• Join over 1.2 million students every month
  • Accelerate your learning by 29%
  • Unlimited access from just £6.99 per month

Dr Jekyll and Mr Hyde

Extracts from this document...

Introduction

Stevenson's novella, Dr Jekyll and Mr Hyde, explores duality in an environment of increasing self-doubt and fear The Strange Case of Dr Jekyll and Mr Hyde is one of Stevenson's best works, with many ideas and philosophies embedded in its pages. The main idea that Stevenson conveys to the reader during the book is the idea of mans duality. Stevenson believed that there were two parts to man, the morally correct and the evil. His portrayal of Dr Jekyll and Mr Hyde incorporates and reflects his beliefs about the duality of man and mans susceptibility to temptation and greed. Stevenson's idea of self-doubt is that man is prone to insecurity and the obsessive nature of moral wellbeing. During the novella he also portrays that members of Victorian society feared the morally wrong and the power of the advancing technology that made man control of his own destiny, instead of being controlled by it. During Victorian society, citizens believed that there was one absolute ruler who was the creator of mankind. Throughout the book, Jekyll bears strong notations towards God; "I swear to god" and "o god, Utterson, what a lesson" etc. However, at the time the book was written Charles Darwin was putting his beliefs into the public eye and creating increasing controversy about the origins of man. His book, On the Origin of Species, put forward many ideas that we now believe to be true and correct. ...read more.

Middle

Anyone having read the book will know that Henry Jekyll turns into Mr. Hyde when having consumed a special potion. The brew awakens a dormant or hidden character; this is emphasized by a physical mutation. This physical mutation from a tall, slim, man of older age to a, younger, stronger, smaller and hairier build has an important imagery to it. The contrast between the suave, distinguished gentleman and the impulsive "animal" is notable. Dr. Jekyll's clothes do not fit Mr. Hyde; they are too small for him. Hyde therefore personifies the idea that the primitive evil is smaller, and that it can be controlled. Dr. Jekyll is a socially acceptable, repressed individual who still has a dark side. He can hide it though. Hyde on the other hand is the completely liberated. Dr Jekyll and Mr. Hyde don't represent 'good' and 'evil'. The experiment described in Jekyll's letter didn't turn out as it was intended, which was to fully separate good and evil, with a character embodying each side. Instead, Hyde seems to personify the pure evil side of human nature. But Jekyll on the other hand, is not of pure good nature, he represents the control one has over primitive spontaneous passions and desires. Dr. Jekyll thus symbolizes the idea of repression in a respectable individual. Hyde is completely liberated from Jekyll's repression through the potion. He is the boundless entity that gives in to all desires. ...read more.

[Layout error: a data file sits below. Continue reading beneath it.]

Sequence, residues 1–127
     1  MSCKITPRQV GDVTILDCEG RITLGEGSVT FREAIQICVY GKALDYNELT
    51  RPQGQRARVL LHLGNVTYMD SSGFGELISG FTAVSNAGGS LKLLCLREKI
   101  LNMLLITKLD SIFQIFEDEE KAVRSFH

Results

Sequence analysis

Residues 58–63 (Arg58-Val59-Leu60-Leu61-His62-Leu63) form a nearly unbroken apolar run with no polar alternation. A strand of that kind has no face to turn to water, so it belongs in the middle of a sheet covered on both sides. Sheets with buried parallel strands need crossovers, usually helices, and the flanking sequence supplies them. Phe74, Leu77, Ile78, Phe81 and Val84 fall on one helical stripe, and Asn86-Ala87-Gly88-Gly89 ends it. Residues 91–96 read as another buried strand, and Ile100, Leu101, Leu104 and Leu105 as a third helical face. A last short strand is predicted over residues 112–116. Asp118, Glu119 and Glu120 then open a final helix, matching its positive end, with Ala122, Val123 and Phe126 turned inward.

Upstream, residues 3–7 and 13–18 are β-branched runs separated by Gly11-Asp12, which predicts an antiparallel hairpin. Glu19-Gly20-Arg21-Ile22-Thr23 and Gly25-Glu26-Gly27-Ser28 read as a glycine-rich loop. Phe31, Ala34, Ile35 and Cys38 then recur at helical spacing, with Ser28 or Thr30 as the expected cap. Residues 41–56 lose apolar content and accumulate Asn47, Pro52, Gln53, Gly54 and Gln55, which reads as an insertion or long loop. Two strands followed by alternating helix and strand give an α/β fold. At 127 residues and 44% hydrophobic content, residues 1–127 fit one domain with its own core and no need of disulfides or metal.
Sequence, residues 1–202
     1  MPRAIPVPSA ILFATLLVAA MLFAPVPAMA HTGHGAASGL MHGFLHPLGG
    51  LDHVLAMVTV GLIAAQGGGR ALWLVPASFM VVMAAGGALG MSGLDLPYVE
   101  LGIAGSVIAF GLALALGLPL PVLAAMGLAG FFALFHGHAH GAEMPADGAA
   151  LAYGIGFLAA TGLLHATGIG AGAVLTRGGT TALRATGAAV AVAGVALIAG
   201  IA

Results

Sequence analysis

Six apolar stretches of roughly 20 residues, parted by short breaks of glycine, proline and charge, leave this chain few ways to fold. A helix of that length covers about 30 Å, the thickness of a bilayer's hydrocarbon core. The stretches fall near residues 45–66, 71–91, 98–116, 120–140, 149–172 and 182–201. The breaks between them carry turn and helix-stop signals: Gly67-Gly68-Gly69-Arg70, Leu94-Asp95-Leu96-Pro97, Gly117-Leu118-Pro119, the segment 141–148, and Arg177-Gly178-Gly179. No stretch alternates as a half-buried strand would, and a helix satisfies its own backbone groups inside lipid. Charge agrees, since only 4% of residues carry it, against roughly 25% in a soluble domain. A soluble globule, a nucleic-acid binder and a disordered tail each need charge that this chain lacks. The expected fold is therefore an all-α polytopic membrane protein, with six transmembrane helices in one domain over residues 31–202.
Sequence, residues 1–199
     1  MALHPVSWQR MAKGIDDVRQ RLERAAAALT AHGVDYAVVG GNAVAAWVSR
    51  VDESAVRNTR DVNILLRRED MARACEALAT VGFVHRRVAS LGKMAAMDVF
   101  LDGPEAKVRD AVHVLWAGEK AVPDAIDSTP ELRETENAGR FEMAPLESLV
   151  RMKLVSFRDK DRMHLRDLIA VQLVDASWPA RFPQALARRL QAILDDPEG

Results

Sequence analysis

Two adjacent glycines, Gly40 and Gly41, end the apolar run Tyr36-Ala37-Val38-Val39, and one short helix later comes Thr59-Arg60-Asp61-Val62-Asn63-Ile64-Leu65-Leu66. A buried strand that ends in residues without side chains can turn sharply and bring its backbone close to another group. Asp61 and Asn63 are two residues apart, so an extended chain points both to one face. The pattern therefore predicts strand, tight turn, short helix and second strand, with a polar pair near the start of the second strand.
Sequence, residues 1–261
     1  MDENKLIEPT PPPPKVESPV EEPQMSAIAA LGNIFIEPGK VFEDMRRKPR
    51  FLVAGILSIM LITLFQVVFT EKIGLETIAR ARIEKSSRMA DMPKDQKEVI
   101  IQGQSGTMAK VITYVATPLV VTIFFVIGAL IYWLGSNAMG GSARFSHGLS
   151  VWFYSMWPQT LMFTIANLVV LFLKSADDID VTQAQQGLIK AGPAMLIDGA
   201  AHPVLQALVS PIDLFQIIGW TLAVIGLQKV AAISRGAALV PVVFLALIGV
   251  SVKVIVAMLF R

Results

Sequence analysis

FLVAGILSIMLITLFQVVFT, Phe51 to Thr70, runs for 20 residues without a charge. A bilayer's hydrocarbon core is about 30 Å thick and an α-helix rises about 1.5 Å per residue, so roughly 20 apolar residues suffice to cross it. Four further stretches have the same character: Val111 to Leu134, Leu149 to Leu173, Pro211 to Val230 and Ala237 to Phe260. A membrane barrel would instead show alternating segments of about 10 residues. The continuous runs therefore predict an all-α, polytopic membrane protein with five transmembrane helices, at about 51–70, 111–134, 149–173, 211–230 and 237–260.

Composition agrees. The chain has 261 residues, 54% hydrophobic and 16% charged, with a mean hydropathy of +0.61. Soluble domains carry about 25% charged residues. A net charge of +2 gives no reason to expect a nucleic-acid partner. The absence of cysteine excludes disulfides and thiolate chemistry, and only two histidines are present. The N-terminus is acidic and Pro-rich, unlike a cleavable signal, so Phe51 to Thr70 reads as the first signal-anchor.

Conclusion

While a respectable man like Carew may use it as a symbol of power and refinery, another person who contains "ape-like fury" may use it as a weapon to kill. Jekyll's house also symbolises duality. While it is very well presented and furnished, beneath its depths is Jekyll's laboratory. This room is completely different from the main house as it contains many dark mysteries and is the place where Jekyll "created" Hyde. Another main symbol of the representation of duality is the door in the first chapter of the book. When Hyde goes in the building to write a cheque, the cheque is written out in a different name. This door symbolises the fact that even though it is very well presented, it still conceals a dark mystery behind it. This idea closely relates to Victorian society at the time. In Victorian society morality and outer representation was highly important. Victorians believed that you would be judged on your "appearance" and not your personality. The moral of this interesting story is that which many Christians recite daily: "Lead us not into temptation, but deliver us from evil". One needs to be in control of their darker side of human nature, and to stop this seed of evil from growing larger. Perhaps, the moral is that we cannot control evil once unleashed. Jekyll tries to 'use' Hyde to give in to his temptations without damaging his social position. This spirals out of control. The cost of Jekyll's curiosity turned out to be a deadly reversal of dominance. ?? ?? ?? ?? Anthony St John-Bond The Judd School ~ 1 ~ ...read more.